A construction crew demolishes, the building between the courthouse and the County Administration building in Bentonville. (NWA Democrat-Gazette/Charlie Kaijo photo)
Demolition work for Benton County, Arkansas's courthouse expansion is chugging along despite recent bad weather, county officials said Dec. 19.
DT Specialized Services of Tulsa, Okla., started the demo Dec. 7. According to county Judge Barry Moehring, the contract is for $72,772.
The one-story section behind the courthouse in Bentonville is being taken down to make room for a two-story addition planned for the site.
Following that, the concrete foundation will be torn out. Moehring and Bryan Beeson, facilities administrator of Benton County, said the project is on schedule despite losing work time recently due to snow.
DT Specialized Services got a quick jump on the job, so any time lost to weather shouldn't impact the timeline, Moehring said.
The 5,000-sq.ft. building once housed the juvenile detention center and later was sectioned off and used by other county offices, including the coroner, Beeson reported.
The building being demolished was unusable space, Moehring said. The county will be able to get a bigger building on a smaller footprint with more parking, Beeson added.
Bids for the construction came in Dec. 18 and were to be considered in the week before Christmas, Moehring said. Once they are awarded, construction is expected to start in January.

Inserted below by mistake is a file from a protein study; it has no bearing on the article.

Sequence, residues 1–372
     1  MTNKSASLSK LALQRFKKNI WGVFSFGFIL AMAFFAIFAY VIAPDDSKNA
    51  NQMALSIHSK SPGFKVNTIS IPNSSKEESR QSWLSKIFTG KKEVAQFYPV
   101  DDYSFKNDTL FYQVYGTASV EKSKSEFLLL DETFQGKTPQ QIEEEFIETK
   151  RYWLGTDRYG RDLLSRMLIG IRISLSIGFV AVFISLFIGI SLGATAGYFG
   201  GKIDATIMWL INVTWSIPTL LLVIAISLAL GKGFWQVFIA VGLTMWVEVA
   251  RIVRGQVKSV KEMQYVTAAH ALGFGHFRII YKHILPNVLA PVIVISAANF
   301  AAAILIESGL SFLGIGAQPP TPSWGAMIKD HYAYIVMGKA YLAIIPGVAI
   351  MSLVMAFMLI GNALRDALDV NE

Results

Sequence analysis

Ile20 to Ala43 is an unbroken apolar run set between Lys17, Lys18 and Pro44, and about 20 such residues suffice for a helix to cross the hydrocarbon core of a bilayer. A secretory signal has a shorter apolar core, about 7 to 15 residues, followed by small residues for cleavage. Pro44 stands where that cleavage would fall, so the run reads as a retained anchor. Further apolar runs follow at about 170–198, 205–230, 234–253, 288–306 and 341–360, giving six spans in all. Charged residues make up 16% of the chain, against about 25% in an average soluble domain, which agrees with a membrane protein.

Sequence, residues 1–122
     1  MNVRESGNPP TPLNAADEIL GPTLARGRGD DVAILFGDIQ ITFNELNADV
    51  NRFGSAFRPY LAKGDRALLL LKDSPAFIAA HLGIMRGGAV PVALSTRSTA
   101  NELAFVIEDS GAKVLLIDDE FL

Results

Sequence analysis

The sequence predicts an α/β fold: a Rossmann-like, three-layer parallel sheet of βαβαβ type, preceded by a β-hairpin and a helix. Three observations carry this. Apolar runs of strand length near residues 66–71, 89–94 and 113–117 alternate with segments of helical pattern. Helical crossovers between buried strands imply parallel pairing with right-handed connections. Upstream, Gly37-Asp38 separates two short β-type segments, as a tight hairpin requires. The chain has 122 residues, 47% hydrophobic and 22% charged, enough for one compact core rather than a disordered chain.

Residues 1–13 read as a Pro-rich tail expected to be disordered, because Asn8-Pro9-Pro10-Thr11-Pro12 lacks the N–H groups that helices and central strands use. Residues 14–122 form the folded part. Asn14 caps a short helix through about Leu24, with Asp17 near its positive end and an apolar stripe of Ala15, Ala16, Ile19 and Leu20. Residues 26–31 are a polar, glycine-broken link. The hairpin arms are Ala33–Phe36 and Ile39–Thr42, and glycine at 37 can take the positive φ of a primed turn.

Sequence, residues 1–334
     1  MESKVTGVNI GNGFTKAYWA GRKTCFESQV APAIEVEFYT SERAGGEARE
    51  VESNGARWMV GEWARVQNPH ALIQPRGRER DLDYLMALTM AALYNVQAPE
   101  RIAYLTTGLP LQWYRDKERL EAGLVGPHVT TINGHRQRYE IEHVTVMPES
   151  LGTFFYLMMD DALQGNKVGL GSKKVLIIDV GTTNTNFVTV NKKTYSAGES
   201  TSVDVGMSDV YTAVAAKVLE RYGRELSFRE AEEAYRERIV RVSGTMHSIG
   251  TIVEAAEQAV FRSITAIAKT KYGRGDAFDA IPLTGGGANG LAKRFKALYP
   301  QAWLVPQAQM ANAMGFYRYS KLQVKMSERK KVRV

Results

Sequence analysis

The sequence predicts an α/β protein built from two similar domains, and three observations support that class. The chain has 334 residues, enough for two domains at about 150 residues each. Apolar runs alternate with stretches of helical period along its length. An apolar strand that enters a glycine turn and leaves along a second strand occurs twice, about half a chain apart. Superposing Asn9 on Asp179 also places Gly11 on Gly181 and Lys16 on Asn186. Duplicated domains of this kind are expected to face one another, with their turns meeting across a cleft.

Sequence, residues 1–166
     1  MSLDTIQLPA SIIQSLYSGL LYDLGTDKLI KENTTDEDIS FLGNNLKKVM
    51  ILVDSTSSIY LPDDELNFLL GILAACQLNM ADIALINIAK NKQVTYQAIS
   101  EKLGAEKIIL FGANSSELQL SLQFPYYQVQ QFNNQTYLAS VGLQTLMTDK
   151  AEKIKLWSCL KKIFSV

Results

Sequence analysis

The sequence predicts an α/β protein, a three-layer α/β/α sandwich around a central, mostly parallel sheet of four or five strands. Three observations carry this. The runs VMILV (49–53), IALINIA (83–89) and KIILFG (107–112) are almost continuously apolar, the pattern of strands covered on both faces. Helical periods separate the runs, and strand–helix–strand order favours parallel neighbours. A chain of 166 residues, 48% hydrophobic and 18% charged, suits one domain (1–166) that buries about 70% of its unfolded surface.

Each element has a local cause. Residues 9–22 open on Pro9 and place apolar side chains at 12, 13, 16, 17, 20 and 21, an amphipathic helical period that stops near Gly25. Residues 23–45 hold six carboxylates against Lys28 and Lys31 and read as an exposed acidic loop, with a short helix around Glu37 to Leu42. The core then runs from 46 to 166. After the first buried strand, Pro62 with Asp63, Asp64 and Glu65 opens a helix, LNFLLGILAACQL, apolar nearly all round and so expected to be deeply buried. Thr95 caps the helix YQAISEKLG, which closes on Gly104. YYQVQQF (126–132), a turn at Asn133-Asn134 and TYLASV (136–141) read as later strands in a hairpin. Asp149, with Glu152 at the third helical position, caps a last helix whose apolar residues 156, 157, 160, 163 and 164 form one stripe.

When finished, the development will include 72 parking spaces and provide a 12-ft. sidewalk along East Central Avenue and an 8-ft. sidewalk along Northeast Second Street, according to Bentonville city planning documents.
Until the work is completed, Horwart's courtroom and chamber will be in a small area in the courthouse last used as a courtroom in 2012. The 888-sq.-ft. courtroom has been remodeled, at a cost to the county of $23,796.
Included in the court expansion is $231,783 to repair the annex where Circuit Judge Brad Karren holds court, according to documents. The annex is across the street from the main courthouse. That project is winding down with outdoor signs and lighting left to do.
The entire courthouse expansion should wrap up by the end of 2021, Moehring said.
A key reason that a new courtroom is needed is because of incoming Judge Christine Horwart, who was elected in March and will preside over Benton County's seventh-circuit court beginning Jan. 1. The Arkansas Legislature added the judgeship to assist with the increasing caseload.
Horwart's courtroom and office area will be on the second floor of the addition, which also has a lobby on its first floor. The expansion will be 5,500 sq. ft., with the rest of the downtown courthouse currently at 28,080 sq. ft.
Benton County will finance $3.1 million for the expansion. It secured the loan from Regions Bank for five years at 1.59 percent with no prepayment penalty, said Brenda Guenther, county comptroller. The Quorum Court approved the plan in July.
"I very much look forward to the completion," said Justice of the Peace Shirley Sandlin, as the court building is in her district.
Sandlin, who didn't run for reelection and served at her last Quorum Court meeting Dec. 18, said she would have liked to have seen a completely new courts building, "but that is not the case."
"We definitely need the space, and [this expansion] buys us more time," she added.
Moehring described it as a modest expansion on the day demo work started.
"It will take care of our courtroom needs for a good five or 10 years," he said.
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